Deliberate freshwater oil spill conducted in the name of scienceJuly 3, 2018
Canadian researchers seek to study the effects of oil spills on freshwater ecosystems.
A team of scientists in northern Ontario, Canada, are purposely creating a freshwater oils spill in small cordoned off sections in an actual freshwater lake to study the effects the oil has on the natural environment.
The scientists used diluted bitumen for their research.
Thousands of miles of pipelines and rail lines cross many thousands of miles of freshwater lakes, rivers, marshes and drainage basins in North America. Pumped through these pipelines and railway tank cars is dilbet.
Dilbet, or diluted bitumen, is composed of a heavy molasses-like substance called bitumen, which comes from oils sands, and lighter oils that dilute the bitumen. The product is diluted so that it can be pumped through the massive network of North American pipelines and through railway tank cars.
Even though this isn’t the first study on how freshwater environments are effected by oil spills, there is still limited understanding on the long-term effects of a freshwater oil spill and the natural recovery time that would follow, particularly in relation with dilbit and how its mix of chemicals will morph over time in the environment.
The purpose of the new freshwater oil spill study is to protect future freshwater ecosystems from these disasters.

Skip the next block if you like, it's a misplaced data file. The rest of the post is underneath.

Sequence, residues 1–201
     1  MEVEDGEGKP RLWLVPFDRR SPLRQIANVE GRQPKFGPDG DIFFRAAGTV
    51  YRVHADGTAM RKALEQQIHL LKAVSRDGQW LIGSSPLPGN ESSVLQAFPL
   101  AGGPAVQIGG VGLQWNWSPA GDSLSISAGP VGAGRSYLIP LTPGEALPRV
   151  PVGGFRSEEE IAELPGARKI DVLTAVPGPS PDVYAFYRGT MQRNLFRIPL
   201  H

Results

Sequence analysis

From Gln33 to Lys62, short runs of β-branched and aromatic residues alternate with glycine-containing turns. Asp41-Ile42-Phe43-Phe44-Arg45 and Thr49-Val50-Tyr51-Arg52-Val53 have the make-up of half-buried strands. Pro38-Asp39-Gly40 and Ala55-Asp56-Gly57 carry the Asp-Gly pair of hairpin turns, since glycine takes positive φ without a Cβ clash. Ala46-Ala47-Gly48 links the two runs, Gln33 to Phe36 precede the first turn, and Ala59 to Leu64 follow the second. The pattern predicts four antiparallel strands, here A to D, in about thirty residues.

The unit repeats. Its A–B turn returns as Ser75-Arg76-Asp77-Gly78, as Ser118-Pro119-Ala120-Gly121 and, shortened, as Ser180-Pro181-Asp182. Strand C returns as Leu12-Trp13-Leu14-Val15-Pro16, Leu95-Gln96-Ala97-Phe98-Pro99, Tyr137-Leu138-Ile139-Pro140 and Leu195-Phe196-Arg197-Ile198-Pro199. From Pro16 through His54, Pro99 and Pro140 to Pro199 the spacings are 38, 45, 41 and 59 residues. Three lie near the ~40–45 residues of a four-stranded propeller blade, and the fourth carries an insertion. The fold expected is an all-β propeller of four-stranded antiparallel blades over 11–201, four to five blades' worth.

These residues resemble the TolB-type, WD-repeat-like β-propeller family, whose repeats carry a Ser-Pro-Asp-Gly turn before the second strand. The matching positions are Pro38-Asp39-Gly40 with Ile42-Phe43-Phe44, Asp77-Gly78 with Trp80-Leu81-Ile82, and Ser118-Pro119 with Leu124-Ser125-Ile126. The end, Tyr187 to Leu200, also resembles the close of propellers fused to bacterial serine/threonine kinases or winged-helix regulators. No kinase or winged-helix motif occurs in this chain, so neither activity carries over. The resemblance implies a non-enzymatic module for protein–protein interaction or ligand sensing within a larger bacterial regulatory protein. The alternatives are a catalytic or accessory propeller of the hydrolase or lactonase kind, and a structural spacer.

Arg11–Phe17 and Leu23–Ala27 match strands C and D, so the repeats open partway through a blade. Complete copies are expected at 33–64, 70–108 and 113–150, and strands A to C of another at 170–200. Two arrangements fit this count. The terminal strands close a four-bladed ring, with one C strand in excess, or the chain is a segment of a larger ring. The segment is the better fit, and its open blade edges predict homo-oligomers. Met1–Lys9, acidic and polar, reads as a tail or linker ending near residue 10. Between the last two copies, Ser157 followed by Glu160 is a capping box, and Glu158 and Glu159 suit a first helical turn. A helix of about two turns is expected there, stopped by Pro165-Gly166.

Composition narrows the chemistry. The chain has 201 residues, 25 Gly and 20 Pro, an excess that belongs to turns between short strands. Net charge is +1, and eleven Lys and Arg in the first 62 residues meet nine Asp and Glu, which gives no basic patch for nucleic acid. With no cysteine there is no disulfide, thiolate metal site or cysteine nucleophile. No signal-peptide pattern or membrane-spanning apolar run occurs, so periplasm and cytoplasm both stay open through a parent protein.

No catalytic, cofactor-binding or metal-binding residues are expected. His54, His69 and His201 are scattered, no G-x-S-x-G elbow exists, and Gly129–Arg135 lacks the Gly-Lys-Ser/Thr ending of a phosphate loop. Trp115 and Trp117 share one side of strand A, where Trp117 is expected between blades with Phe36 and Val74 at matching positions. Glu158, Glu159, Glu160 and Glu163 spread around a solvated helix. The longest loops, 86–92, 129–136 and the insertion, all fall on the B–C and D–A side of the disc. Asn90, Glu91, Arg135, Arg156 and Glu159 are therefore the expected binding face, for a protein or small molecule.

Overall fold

The complex long-term study involves three different phases. These are being carried out at Canada’s unique freshwater experimental project at the International Institute for Sustainable Development – Experimental Lakes Area (IISD-ELA), reported Radio Canada International.
The scientists have completed the first phase of the innovative experience, which involved small “microcosm” land-based tanks. The current second phase, involves cordoning off small sections (approximately 20,000 liters in size) of an unnamed lake in Ontario, from surface to bottom. In these cordoned off sections, 1.25 liters of oil will be spilled into the enclosures.
The enclosures will test the effects of different oils, include crude and dilbit so the researchers can observe the effects the oil has on organisms, including bugs, fish and amphibians. They will also study the longer term effects on residual oil, which is always left behind, even after cleanup efforts have been made. By comparing before and after environments, the researchers will look at the effects on everything in the ecosystem from shore-based plant life to microbes, algae, minnows and zooplankton.
The third and final phase of the complex freshwater oil spill study will involve clean-up methods and the effects such methods might have on the environment.